Endpoint Classification: Safety/Efficacy Study, Intervention Model: Single Group Assignment, Masking: Open Label, Primary Purpose: Treatment
Centre Léon Bérard
Not yet recruiting
Centre Leon Berard
Published on BioPortfolio: 2016-12-01T16:08:22-0500
An attractive area of research regards immune manipulations to recover some of the patient's immune response to his/her tumor, a strategy that has the advantages of being both natural and ...
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Mucocellular carcinoma of the ovary, usually metastatic from the gastrointestinal tract, characterized by areas of mucoid degeneration and the presence of signet-ring-like cells. It accounts for 30%-40% of metastatic cancers to the ovaries and possibly 1%-2% of all malignant ovarian tumors. The lesions may not be discovered until the primary disease is advanced, and most patients die of their disease within a year. In some cases, a primary tumor is not found. (From Dorland, 27th ed; Holland et al., Cancer Medicine, 3d ed, p1685)
A member of the family of TISSUE INHIBITOR OF METALLOPROTEINASES. It is a 21-kDa nonglycosylated protein found in tissue fluid and is secreted as a complex with progelatinase A by human fibroblast and uncomplexed from alveolar macrophages. An overexpression of TIMP-2 has been shown to inhibit invasive and metastatic activity of tumor cells and decrease tumor growth in vivo.
A lipoxygenase metabolite of ARACHIDONIC ACID. It is a highly selective ligand used to label mu-opioid receptors in both membranes and tissue sections. The 12-S-HETE analog has been reported to augment tumor cell metastatic potential through activation of protein kinase C. (J Pharmacol Exp Ther 1995; 274(3):1545-51; J Natl Cancer Inst 1994; 86(15):1145-51)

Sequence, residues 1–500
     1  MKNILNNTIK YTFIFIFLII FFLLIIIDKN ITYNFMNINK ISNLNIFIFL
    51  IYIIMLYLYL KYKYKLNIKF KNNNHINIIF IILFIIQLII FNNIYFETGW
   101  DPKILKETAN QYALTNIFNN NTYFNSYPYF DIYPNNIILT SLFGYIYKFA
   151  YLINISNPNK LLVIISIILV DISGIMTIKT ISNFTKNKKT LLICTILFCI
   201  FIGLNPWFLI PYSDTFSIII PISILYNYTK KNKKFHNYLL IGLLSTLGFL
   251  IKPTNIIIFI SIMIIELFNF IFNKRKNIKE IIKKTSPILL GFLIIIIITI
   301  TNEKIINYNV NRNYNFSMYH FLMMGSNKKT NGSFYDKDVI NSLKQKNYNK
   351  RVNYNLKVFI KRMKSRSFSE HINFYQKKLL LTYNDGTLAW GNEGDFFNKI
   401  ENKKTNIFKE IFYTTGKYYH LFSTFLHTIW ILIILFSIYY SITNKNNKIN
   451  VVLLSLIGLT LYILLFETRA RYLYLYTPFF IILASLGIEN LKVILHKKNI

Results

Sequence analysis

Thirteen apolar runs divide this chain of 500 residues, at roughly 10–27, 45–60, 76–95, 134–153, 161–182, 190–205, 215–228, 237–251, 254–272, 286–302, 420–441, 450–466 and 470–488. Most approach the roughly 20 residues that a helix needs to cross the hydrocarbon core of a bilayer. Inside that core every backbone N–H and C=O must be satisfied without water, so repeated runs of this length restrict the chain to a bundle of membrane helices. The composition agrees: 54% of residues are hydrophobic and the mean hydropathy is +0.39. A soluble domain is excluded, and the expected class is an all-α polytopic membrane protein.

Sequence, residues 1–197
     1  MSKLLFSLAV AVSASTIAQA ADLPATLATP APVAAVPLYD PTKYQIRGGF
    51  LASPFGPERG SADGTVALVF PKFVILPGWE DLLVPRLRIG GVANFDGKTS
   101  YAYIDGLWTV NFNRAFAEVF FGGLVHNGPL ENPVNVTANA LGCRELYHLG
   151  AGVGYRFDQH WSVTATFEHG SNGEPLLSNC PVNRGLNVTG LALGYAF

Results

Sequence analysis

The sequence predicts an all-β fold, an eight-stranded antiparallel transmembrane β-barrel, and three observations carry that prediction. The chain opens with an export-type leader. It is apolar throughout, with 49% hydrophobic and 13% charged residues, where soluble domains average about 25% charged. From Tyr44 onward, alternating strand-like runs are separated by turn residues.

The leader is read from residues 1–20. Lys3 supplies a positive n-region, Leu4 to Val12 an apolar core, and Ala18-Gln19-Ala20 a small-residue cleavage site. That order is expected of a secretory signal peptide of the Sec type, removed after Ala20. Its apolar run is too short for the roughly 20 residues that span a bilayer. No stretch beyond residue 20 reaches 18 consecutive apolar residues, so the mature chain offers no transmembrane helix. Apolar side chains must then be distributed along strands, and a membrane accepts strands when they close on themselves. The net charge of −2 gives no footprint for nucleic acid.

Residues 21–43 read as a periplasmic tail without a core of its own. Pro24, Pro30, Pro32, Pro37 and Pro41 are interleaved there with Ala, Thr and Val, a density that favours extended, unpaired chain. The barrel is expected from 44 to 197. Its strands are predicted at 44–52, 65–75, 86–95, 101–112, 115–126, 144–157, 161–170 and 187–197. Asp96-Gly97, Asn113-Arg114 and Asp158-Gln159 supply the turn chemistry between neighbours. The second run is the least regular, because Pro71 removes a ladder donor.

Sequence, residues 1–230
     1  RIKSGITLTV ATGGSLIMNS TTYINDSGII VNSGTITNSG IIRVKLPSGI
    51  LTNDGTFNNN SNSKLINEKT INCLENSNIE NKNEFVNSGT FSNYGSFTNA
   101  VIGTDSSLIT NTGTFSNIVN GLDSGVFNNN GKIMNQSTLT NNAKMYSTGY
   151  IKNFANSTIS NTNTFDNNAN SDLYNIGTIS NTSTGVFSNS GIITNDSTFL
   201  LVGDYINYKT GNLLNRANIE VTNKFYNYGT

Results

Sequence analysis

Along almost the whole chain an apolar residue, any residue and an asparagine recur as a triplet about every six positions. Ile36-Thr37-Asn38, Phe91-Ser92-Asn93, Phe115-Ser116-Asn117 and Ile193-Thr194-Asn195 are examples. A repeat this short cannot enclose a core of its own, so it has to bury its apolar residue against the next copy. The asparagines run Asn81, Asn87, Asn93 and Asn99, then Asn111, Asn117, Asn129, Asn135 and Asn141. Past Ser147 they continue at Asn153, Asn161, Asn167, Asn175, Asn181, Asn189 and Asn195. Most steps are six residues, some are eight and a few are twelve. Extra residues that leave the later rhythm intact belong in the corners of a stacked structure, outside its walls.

Primary or metastatic neoplasms of the CEREBELLUM. Tumors in this location frequently present with ATAXIA or signs of INTRACRANIAL HYPERTENSION due to obstruction of the fourth ventricle. Common primary cerebellar tumors include fibrillary ASTROCYTOMA and cerebellar HEMANGIOBLASTOMA. The cerebellum is a relatively common site for tumor metastases from the lung, breast, and other distant organs. (From Okazaki & Scheithauer, Atlas of Neuropathology, 1988, p86 and p141)
Primary and metastatic (secondary) tumors of the brain located above the tentorium cerebelli, a fold of dura mater separating the CEREBELLUM and BRAIN STEM from the cerebral hemispheres and DIENCEPHALON (i.e., THALAMUS and HYPOTHALAMUS and related structures). In adults, primary neoplasms tend to arise in the supratentorial compartment, whereas in children they occur more frequently in the infratentorial space. Clinical manifestations vary with the location of the lesion, but SEIZURES; APHASIA; HEMIANOPSIA; hemiparesis; and sensory deficits are relatively common features. Metastatic supratentorial neoplasms are frequently multiple at the time of presentation.
Bladder Cancer Brain Cancer Breast Cancer Cancer Cervical Cancer Colorectal Head & Neck Cancers Hodgkin Lymphoma Leukemia Lung Cancer Melanoma Myeloma Ovarian Cancer Pancreatic Cancer ...